Those that are wanted to stand trial for alleged criminal or political offences and who seek refuge in another country, may not be extradited under a number of conditions. One condition is if the sheltering country is not party to any extradition treaties and another is; also if the two nations involved do not have diplomatic relations. Extradition proceedings may not be instituted on alleged humanitarian grounds under a variety of circumstances, and finally, those accused of political offences may be exempt under provisions of international law.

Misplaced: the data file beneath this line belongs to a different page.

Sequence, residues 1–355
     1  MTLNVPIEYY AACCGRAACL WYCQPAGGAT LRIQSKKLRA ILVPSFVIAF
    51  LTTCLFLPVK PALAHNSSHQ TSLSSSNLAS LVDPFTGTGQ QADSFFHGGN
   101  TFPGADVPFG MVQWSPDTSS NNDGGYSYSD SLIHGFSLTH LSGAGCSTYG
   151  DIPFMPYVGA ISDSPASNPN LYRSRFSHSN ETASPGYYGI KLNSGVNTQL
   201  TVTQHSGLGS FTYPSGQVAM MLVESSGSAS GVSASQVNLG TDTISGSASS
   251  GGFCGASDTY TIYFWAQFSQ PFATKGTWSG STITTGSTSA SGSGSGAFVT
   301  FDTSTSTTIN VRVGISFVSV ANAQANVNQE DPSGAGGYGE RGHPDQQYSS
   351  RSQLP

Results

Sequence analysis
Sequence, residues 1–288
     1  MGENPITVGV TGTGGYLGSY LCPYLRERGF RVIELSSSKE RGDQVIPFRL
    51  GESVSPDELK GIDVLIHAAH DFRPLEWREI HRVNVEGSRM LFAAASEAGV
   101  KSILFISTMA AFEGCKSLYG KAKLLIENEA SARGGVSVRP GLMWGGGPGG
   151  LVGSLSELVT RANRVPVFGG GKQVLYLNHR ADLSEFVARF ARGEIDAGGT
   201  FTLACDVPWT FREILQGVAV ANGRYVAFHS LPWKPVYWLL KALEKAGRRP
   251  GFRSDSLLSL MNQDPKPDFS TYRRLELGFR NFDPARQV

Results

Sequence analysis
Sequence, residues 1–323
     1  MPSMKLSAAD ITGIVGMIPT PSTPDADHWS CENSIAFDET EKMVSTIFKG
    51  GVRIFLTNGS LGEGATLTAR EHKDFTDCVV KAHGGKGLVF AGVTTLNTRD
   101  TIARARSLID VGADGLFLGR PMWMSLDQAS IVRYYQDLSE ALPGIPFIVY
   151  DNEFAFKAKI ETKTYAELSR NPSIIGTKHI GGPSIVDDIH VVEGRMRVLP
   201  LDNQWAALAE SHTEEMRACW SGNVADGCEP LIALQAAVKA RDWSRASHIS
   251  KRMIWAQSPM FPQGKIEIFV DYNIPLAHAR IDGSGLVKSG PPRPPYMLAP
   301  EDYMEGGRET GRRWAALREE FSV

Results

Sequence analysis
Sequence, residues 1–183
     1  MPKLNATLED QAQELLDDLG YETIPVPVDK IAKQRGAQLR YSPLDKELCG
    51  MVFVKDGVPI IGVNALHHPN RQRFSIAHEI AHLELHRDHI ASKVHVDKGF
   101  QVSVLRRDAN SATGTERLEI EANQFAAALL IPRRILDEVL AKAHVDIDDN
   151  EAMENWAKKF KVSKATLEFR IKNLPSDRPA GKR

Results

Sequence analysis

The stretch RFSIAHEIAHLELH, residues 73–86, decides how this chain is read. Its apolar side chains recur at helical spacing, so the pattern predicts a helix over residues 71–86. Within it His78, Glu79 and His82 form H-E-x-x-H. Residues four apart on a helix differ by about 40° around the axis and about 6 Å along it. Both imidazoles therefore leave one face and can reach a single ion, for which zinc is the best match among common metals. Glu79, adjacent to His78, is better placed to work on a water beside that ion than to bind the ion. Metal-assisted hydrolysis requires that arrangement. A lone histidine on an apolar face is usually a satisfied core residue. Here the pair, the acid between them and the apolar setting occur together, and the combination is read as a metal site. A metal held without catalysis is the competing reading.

Efforts by the USA, in 1993, to extradite the founders of a failed bank which owes a $200 million fine to the government were blocked by the lack of an extradiction treaty with either Pakistan or Abu Dhabi, where the men live. Even in instances where extradiction treaties exist, it has been exceedingly difficult for the USA authorities to get hold of drug dealers or terrorists because of domestic consideration. Colombia, for example, abandoned its extradition treaty with the US as part of a peace deal with the country's drug barons.
Terrorists may be protected by the claim that their offences in another country were politically motivated or had political objectives. International terrorists may also be protected by a regime that supports terrorism. Ineffectual extradition requests may be made to regimes where war criminals or multi-million dollar swindlers or robbers have effectually bought protection.